Uber has come under fire for its atrocious work culture (something it's working on fixing) and the negative impact it has had on the value of taxi medallions, something advocates are concerned may have led to a string of taxi cab driver suicides. However, a recent patent application by the company could show whether a rider is drunk, before they even get in the car.
The patent, filed to the U.S. Patent & Trademark Office and first spotted by CNN, attempts to show whether a person is acting "abnormal" (read: intoxicated) based on artificial intelligence and machine learning.
It can identify "a normal or abnormal state of the respective user of the respective service," the patent reads, based off training a computer model to look at certain data sets, such as the angle the device is held at, the time the car is ordered, or walking speed, according to the patent, entitled "predicting user state using machine learning."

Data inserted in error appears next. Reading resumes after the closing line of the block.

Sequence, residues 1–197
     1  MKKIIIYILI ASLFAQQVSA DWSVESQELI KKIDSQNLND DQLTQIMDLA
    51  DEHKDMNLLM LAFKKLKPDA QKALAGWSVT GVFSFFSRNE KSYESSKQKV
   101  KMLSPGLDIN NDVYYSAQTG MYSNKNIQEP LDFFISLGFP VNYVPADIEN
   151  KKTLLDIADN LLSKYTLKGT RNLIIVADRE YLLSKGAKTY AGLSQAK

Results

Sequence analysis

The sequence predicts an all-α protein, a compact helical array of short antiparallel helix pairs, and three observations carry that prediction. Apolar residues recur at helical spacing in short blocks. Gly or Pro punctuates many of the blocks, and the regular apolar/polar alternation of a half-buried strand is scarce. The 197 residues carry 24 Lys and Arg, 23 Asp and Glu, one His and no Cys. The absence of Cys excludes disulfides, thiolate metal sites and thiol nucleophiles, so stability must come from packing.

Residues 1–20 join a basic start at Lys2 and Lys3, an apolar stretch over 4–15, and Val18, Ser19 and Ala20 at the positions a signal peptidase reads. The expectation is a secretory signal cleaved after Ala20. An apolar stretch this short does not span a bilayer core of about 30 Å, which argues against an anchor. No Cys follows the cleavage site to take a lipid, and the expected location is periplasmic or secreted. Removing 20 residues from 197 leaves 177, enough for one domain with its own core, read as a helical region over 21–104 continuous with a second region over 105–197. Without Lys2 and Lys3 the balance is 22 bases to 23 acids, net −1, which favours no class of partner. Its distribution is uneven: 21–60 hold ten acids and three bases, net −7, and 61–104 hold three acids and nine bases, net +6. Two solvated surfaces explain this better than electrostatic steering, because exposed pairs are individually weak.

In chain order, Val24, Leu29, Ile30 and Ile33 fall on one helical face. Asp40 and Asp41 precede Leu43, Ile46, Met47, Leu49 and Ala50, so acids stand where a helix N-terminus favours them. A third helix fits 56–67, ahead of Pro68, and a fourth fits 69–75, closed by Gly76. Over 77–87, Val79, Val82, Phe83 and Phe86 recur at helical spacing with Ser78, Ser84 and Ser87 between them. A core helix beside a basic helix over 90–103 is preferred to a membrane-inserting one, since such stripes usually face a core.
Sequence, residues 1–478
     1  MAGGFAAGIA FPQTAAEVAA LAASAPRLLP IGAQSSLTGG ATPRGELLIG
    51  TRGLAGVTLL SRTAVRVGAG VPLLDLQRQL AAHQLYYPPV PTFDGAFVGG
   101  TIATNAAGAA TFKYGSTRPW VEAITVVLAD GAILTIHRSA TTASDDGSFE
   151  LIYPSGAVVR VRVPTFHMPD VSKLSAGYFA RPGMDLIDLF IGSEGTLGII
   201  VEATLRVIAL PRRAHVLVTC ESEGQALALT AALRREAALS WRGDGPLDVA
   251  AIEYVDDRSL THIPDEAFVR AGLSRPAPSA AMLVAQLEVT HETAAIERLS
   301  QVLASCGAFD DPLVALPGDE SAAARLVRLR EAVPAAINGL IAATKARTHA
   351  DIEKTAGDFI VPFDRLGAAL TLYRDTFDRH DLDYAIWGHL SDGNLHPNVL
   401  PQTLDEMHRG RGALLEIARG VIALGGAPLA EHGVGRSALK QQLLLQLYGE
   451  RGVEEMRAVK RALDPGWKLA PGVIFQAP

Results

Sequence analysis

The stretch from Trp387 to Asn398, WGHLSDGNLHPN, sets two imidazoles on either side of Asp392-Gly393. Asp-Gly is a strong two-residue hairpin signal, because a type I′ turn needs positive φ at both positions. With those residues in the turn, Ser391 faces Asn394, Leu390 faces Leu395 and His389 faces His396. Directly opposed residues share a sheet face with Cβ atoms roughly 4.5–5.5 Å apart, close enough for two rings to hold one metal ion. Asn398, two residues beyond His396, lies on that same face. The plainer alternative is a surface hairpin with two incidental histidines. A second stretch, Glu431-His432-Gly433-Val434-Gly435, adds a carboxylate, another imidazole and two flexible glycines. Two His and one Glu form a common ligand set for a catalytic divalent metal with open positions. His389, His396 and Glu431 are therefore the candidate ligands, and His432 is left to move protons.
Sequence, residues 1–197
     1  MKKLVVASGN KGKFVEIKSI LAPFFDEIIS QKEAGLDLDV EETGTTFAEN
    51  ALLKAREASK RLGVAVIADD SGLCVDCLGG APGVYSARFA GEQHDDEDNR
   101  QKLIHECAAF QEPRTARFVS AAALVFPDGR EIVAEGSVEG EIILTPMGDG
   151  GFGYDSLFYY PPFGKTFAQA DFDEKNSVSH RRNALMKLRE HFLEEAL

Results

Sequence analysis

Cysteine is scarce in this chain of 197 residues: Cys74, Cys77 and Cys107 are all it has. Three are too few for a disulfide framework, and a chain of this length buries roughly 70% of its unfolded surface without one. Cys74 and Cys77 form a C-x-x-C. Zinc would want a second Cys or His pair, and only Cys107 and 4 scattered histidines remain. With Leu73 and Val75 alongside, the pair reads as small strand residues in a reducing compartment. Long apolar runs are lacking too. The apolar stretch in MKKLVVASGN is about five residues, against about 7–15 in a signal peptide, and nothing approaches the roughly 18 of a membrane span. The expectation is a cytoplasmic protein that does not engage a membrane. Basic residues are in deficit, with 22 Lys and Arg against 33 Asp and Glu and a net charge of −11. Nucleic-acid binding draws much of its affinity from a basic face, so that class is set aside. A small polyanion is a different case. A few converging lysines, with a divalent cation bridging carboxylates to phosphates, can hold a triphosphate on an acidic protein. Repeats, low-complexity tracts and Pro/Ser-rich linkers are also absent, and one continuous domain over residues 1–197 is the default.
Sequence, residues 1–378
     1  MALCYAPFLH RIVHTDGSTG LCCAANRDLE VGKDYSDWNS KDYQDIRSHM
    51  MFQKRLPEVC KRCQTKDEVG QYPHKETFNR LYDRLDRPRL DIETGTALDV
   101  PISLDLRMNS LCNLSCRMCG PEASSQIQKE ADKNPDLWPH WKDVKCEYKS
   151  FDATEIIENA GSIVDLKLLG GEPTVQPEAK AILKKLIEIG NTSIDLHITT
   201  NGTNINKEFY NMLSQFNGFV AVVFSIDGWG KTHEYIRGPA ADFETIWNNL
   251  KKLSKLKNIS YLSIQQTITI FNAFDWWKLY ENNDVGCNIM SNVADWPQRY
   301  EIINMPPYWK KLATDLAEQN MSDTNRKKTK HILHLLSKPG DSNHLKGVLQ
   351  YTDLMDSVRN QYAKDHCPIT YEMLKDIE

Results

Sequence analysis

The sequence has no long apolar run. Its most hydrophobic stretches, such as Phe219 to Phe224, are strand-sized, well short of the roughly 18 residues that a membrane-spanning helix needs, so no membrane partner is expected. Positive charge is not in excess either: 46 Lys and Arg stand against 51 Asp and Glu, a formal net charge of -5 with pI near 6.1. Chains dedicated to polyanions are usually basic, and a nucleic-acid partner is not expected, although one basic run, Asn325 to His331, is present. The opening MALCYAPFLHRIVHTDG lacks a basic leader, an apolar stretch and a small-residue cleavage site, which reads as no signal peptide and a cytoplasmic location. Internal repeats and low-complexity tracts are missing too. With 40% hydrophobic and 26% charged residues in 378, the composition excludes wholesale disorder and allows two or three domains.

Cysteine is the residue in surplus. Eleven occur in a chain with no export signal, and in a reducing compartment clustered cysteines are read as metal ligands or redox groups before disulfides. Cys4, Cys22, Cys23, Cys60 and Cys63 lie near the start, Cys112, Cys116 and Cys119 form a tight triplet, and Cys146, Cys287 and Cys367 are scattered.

The behavior of the person ordering the ride will be compared to their "normal" behavior over a long period of time.
It's unclear if drivers will be given this information assuming the patent is granted, but it stands to reason they will, in order to better serve the riders and understand who their passengers are.
The patent states that if a potential rider is acting uncharacteriscally, they could be rerouted to certain drivers who are experienced with handling troubled passengers, or not at all.
"For example, when the likelihood is comparatively very high, the user may not be matched with any provider, or limited to providers with experience or training with users having an unusual state," the patent states. "Similarly, when the likelihood is comparatively low (but not non-zero), the system may match the provider normally and provide a notification to the matched provider of the possible state."
If a person is innebriated or acting uncharacteriscally, the patent adds that the ride could be modified:
"Some examples of trip variations include matching the user with only certain providers, alerting a provider about the user's possible unusual state, and modifying pickup or dropoff locations to areas that are well lit and easy to access," the patent reads. "Different trip parameters may be altered in different situations, such as depending on the predicted likelihood that a user is acting uncharacteristically."
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